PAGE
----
103: Cryptonomicon by Neal Stephenson
One of the few books I can say I enjoyed reading, but couldn’t recommend widely to others. Essentially, this is a novel and its sequel, intercut with each other and pretending to be a single book. Each is a good story on its own, but the intertwining creates a codex which is so large that the commitment to read it was one I didn’t feel I could make until my writing was in a lull. I’m not sure that cutting the two stories together adds much to either.
It is an enjoyable book so long as you like digressions into technical minutiae. Now, I do, so it suits me excellently. The thing is, though, if you are the sort of reader who doesn’t want the author to go off on a two page tear about a particular mathematical concept used as a metaphor, then it may not be for you. Also, there are times when a supporting characters stand around being simpletons, so that the main characters can tell them they are idiots. It doesn’t happen often, but there’s a certain preachiness to the book. I can forgive it, because the rest of the book is so interesting, but every so often you see the author’s hand up the back of the character, operating his mouth like a sock puppet.
The thing I disliked most was that the book doesn’t just take lengthy diversions into technical minutiae, it takes lengthy diversions into random surrounding ideas. There are, for example, a good fifteen minutes worth of the main character’s prefered method of eating a particular type of breakfast cereal. There’s a lengthy part about a character’s desire for women in stockings. Now: I accept that bit is demonstrating how Van Eck phreaking works, but it’s so dull that one of the characters flags it as dull and stops it.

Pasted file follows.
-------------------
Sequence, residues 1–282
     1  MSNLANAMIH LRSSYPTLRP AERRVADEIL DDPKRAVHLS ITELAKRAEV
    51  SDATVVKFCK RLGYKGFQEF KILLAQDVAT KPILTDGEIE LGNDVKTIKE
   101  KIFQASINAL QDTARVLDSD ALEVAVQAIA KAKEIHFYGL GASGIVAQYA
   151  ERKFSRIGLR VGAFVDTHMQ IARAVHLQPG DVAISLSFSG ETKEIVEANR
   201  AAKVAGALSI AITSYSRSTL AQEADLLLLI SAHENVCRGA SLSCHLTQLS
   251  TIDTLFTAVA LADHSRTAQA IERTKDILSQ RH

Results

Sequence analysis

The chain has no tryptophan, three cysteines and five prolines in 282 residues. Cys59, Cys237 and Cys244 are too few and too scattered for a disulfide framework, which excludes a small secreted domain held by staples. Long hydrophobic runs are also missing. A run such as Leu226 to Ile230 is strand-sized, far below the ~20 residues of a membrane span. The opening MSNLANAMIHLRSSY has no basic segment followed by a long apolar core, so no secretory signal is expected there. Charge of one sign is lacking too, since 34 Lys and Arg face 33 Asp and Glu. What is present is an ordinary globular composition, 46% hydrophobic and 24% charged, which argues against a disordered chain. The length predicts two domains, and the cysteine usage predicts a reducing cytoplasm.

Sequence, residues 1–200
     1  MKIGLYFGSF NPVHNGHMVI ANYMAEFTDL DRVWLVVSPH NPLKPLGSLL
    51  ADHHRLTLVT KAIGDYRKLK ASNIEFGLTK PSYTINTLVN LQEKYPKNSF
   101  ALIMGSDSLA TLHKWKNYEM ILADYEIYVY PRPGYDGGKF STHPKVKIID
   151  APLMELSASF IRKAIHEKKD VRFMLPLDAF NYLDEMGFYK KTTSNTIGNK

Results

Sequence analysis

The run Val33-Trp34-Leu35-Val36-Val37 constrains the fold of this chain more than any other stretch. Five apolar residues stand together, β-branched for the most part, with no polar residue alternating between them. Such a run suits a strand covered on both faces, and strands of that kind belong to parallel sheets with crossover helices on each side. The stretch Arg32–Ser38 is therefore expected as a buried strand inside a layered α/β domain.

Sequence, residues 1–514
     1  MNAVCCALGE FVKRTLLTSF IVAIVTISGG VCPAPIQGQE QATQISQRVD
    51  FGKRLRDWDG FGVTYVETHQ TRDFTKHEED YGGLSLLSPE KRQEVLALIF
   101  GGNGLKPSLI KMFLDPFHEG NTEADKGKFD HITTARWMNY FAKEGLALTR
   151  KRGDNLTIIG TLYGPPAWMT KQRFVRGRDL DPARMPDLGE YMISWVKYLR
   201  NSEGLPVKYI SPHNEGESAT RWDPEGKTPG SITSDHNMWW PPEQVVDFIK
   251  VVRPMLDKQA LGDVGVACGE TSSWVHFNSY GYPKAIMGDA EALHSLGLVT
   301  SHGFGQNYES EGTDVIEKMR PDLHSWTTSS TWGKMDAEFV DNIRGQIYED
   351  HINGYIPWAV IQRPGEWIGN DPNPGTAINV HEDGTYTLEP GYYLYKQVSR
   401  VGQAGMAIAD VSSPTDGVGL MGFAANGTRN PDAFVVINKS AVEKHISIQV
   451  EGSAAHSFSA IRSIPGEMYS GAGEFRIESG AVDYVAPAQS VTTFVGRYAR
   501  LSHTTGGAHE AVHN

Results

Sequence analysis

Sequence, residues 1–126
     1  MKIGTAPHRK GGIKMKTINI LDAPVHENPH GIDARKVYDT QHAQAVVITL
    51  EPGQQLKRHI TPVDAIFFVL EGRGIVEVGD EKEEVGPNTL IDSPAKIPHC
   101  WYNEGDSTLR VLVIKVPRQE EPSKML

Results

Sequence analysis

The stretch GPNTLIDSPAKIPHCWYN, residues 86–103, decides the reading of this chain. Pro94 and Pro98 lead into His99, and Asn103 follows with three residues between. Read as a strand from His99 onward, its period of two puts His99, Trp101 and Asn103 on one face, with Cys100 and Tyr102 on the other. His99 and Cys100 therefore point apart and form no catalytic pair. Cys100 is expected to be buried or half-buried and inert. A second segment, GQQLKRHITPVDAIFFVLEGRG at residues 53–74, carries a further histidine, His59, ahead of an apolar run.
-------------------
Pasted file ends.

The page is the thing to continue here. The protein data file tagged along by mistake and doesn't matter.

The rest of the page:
So, a long book, and an interesting book, but one that can only be recommended to those who delight in minutiae.
104: Australian Miscellany: This was a Librivox recording project to celebrate the 2012 Year of Reading.
I have to say the Year of Reading hasn’t impressed me as much as the UK Year of Reading, in terms of the research generated. Its web page also seemed to lie fallow for weeks at a time. I was hoping for more from it, but I suppose the UK version was better resourced.
Now, onto the Australian Miscellany. It’s a grab bag of recordings: whatever any volunteer wanted to record which was Australian. I’m hoping to do a series of podcast interviews asking people “Why did you record X? What does it mean to you?” It has a mix of history, poetry and prose fiction, read by Australians primarily, but with some international readers. I enjoyed it a great deal, but I think I’ll enjoy it more when I’ve had the chance to interview the readers for the podcast.
I have difficulty believing that in a month I’ve finished only one, single physical book. I know I’d over committed to my writing, and I did NaNoWriMo, but still, that’s a disgrace! Next month I’ll be trying to get through two books by Australian Women Writers, to round out the AWW reading challenge for 2012, and a couple of fictions about scientific ghost hunting.